Tribune News Service
New Delhi, February 3
Amid international support for the farmers’ movement, an interesting change is being reported in the agitation at Delhi borders against the three contentious farm laws that has completed 70 days in the running.
Attention is gradually shifting from Singhu and Tikri, where Punjab unions are camping, to Ghazipur where BKU (Tikait) leader Rakesh Tikait is holding the fort.
Interestingly, while the status quo of Punjab union leaders is largely unchanged, Rakesh Tikait is fast emerging as the ‘star’ of the movement.
“Currently most of the focus is on him, which is an interesting development given that in the initial days of the movement, he (Rakesh Tikait) was nowhere in the picture,” says a BKU leader who did not wish to be named.
He also pointed towards how “Punjab unions had sidelined the BKU (Tikait) faction in the state in the initial days of the agitation”.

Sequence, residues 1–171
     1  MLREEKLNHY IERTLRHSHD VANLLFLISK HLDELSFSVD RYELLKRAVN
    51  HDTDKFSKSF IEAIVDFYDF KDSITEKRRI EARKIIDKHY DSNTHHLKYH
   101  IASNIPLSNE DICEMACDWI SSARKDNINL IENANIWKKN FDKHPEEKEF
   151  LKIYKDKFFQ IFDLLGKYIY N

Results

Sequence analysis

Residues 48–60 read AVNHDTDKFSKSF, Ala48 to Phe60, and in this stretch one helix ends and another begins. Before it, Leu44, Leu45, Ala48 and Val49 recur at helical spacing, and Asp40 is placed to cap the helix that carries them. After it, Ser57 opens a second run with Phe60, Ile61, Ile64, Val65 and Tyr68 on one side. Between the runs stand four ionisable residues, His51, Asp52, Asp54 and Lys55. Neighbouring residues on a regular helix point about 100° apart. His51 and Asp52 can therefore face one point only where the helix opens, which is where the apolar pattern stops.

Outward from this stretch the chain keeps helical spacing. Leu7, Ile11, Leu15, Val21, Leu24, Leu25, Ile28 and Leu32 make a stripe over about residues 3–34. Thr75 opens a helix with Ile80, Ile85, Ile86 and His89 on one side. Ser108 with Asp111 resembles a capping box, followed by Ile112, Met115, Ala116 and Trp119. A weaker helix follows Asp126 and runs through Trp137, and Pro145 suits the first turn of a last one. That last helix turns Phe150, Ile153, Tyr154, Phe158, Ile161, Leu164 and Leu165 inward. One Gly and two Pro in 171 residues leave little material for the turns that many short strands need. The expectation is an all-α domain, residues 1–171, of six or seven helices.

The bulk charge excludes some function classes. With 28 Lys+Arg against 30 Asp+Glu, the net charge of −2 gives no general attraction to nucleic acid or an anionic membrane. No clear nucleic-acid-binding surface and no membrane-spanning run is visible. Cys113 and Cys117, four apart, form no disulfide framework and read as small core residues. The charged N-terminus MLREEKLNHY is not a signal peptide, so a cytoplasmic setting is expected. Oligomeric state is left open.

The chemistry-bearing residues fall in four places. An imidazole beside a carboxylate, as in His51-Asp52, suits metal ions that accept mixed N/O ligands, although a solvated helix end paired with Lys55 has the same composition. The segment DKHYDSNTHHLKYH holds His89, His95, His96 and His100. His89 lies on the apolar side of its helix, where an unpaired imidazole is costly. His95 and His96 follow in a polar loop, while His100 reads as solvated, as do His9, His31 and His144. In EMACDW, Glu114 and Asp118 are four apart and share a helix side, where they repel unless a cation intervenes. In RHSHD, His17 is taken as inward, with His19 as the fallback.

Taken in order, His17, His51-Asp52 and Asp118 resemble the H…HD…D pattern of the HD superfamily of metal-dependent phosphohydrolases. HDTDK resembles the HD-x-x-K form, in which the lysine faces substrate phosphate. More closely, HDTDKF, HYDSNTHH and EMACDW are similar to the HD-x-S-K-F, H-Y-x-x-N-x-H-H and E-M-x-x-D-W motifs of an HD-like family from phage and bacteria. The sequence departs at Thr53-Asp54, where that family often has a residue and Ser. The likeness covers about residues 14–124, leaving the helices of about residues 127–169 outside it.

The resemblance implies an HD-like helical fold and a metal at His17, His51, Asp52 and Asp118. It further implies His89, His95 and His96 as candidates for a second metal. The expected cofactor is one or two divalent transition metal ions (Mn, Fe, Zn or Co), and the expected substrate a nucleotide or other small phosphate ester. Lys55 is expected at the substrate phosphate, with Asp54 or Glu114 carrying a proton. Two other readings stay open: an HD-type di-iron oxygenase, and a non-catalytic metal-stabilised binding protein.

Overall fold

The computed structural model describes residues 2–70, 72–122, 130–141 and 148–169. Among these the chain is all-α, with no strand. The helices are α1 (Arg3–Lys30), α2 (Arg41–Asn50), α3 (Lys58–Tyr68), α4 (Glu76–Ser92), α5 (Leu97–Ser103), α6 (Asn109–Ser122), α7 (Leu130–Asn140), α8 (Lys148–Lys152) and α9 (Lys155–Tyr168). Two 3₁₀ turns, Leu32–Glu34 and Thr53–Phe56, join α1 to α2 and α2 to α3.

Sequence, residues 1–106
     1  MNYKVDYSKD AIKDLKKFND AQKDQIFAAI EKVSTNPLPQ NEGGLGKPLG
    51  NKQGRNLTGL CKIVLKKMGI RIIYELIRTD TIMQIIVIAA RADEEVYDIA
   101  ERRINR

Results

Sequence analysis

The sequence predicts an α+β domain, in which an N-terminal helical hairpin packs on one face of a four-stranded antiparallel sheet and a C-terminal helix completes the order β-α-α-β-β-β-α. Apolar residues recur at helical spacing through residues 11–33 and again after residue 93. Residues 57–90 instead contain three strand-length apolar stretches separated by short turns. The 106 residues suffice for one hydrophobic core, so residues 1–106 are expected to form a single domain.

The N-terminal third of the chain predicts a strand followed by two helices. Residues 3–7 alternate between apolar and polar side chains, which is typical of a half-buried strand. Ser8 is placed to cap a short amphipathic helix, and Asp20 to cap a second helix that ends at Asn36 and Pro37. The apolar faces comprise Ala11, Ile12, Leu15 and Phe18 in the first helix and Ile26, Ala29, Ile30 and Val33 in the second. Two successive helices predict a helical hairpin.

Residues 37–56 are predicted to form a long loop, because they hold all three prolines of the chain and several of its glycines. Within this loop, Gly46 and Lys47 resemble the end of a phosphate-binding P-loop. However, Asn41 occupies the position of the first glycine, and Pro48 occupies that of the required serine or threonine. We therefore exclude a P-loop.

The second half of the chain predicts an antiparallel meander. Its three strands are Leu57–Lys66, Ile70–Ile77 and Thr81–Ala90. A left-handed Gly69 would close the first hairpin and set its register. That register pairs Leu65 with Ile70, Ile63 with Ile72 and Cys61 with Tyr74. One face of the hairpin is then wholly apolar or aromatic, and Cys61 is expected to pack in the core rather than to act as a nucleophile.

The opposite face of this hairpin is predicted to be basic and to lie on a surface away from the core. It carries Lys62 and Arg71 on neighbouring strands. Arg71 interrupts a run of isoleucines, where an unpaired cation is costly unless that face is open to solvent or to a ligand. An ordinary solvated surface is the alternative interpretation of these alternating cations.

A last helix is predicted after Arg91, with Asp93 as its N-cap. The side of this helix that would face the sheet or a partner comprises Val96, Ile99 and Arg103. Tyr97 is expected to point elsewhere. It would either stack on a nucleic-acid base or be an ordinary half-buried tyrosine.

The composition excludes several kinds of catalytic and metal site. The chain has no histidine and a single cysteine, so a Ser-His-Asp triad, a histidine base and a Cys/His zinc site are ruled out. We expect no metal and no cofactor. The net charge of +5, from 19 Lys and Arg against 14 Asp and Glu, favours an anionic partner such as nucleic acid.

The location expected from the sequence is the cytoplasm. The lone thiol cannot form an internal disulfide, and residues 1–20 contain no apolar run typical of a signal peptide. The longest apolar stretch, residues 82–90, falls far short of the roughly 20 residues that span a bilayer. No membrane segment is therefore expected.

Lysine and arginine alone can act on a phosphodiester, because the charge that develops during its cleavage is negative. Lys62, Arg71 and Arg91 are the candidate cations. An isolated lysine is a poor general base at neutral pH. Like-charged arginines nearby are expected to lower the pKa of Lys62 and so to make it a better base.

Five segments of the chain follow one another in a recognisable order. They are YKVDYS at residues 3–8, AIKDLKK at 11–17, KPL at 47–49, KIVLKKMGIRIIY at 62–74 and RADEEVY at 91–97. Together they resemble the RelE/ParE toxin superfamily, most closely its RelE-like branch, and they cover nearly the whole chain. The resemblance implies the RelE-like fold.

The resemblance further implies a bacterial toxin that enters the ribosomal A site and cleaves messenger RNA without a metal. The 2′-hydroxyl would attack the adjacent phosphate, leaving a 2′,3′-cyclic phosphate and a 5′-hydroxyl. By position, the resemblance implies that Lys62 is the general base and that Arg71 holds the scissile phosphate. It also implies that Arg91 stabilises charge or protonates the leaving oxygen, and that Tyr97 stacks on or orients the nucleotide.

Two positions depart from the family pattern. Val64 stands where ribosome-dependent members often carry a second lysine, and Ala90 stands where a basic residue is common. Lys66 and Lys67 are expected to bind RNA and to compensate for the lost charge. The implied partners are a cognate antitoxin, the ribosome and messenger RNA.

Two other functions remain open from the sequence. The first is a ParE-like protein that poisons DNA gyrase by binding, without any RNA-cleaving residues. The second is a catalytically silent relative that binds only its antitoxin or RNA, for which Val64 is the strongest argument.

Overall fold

A section is also pointing towards the “shift in focus” from wheat and rice given that Western UP farmers mostly grow sugarcane.
“What sugarcane farmers do (with sugar mills) is also a form of contract farming,” said a farmer.
This is a huge development in context of Uttar Pradesh, India’s largest state and integral to election plans of any political party. The state, which goes to Assembly polls next year, sends as many as 80 Lok Sabha MPs to the Centre.
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